January/February 2016 Issue

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GOING BACK TO GALLIPOLI:

“For a long time, historians thought the original Caribou Hill was inaccessible,” historian Frank Gogos told a delegation from Newfoundland visiting Turkey last September. The hill was a battlefield position taken and reinforced by the Newfoundland Regiment in 1915, and was christened Caribou Hill after the emblem on the regiment’s badge. “The regiment left Gallipoli and no markers remained to say where it was.” But Gogos has determined that one of the roads in today’s Gallipoli Peninsula Historical National Park intersects with the hill. The discovery of the famed Caribou Hill was a highlight the pilgrimage, a century after the first overseas engagement for the regiment, deployed with 29th Division in Britain’s failed attack on the strategic Gallipoli Peninsula in the Ottoman Empire (today’s Turkey). Tom MacGregor’s story of the pilgrimage leads off the January/February 2016 issue.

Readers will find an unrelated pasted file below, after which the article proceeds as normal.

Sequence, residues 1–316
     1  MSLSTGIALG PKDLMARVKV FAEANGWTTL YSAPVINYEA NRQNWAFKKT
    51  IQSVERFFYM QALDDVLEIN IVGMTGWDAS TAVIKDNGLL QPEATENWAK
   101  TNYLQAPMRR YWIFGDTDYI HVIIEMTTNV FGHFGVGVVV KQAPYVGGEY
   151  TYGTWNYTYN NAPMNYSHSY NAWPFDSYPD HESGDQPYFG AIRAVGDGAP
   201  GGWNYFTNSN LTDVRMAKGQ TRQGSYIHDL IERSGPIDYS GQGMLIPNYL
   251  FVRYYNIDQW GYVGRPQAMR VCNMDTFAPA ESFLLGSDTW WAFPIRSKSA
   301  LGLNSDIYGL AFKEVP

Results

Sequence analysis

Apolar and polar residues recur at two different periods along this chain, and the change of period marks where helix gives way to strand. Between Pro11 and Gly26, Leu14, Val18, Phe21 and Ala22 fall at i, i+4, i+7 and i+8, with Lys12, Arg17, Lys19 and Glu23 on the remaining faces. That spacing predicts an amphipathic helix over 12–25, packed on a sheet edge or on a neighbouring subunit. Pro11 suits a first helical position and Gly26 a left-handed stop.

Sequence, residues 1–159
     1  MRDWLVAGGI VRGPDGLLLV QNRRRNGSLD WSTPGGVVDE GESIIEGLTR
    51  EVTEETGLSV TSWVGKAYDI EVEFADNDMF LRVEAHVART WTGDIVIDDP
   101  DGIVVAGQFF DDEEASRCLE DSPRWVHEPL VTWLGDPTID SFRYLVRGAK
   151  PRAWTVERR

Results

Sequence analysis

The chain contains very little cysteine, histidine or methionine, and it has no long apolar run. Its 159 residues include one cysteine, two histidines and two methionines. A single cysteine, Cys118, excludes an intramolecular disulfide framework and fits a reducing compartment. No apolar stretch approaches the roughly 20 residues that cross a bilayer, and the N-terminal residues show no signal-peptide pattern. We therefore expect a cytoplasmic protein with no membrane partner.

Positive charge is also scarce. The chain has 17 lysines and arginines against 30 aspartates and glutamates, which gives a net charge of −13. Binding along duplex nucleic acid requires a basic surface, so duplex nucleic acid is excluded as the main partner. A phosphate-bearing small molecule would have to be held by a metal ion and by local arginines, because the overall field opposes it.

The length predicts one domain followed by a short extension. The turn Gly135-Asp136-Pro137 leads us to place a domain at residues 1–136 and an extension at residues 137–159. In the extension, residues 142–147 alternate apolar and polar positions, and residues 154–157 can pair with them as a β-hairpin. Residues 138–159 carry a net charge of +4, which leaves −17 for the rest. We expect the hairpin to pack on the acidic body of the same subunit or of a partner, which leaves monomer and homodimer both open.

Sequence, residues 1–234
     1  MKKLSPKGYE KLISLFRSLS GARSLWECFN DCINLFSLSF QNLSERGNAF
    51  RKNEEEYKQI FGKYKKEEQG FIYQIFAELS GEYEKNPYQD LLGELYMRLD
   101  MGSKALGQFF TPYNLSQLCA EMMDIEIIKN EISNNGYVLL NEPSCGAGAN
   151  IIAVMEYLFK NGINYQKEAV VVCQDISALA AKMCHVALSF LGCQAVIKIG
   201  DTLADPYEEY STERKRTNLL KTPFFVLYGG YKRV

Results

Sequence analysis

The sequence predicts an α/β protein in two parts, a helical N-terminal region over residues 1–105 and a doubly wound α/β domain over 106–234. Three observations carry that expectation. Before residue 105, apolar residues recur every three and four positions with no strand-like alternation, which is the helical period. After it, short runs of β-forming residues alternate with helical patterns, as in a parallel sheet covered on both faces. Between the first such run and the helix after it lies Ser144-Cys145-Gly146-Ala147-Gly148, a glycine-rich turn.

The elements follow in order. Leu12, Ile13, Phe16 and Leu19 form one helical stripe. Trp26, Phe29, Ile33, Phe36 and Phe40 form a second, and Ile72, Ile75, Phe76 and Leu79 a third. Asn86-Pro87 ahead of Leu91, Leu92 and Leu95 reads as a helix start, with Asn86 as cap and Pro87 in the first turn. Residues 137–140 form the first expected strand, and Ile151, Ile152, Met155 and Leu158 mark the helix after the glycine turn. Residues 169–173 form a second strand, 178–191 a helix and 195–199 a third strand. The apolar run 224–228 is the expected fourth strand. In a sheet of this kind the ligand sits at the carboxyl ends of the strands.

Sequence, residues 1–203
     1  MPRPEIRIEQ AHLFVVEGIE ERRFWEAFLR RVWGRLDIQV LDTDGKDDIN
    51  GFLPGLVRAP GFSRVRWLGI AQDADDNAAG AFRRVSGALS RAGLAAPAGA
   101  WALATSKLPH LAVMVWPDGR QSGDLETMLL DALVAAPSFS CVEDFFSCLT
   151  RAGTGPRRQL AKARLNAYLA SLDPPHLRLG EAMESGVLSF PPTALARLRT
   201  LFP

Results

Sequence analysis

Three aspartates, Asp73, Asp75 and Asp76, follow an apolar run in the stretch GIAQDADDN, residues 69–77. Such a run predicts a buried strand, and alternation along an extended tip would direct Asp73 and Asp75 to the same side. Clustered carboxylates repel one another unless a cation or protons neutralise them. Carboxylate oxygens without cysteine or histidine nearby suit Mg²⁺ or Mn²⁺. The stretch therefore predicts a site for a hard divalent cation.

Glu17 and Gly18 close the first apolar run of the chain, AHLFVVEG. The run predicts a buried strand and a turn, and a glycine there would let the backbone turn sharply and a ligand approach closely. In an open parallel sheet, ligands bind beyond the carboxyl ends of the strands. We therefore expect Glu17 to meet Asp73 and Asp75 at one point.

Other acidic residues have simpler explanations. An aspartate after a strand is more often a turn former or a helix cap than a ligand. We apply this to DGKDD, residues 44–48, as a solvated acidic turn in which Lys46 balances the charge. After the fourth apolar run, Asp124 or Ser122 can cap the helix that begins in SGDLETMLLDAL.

Also in the issue:

The first air war at sea
In the First World War, flying machines were thrust into battle over the ocean

Watching Syria die
Three of the smartest minds we could find weigh in on the crisis in Syria and Iraq

The bomb girls of Ajax
Canada’s largest munitions factory was staffed mostly by women

 

Weight 236 g
Dimensions 28 × 20 × 1 cm
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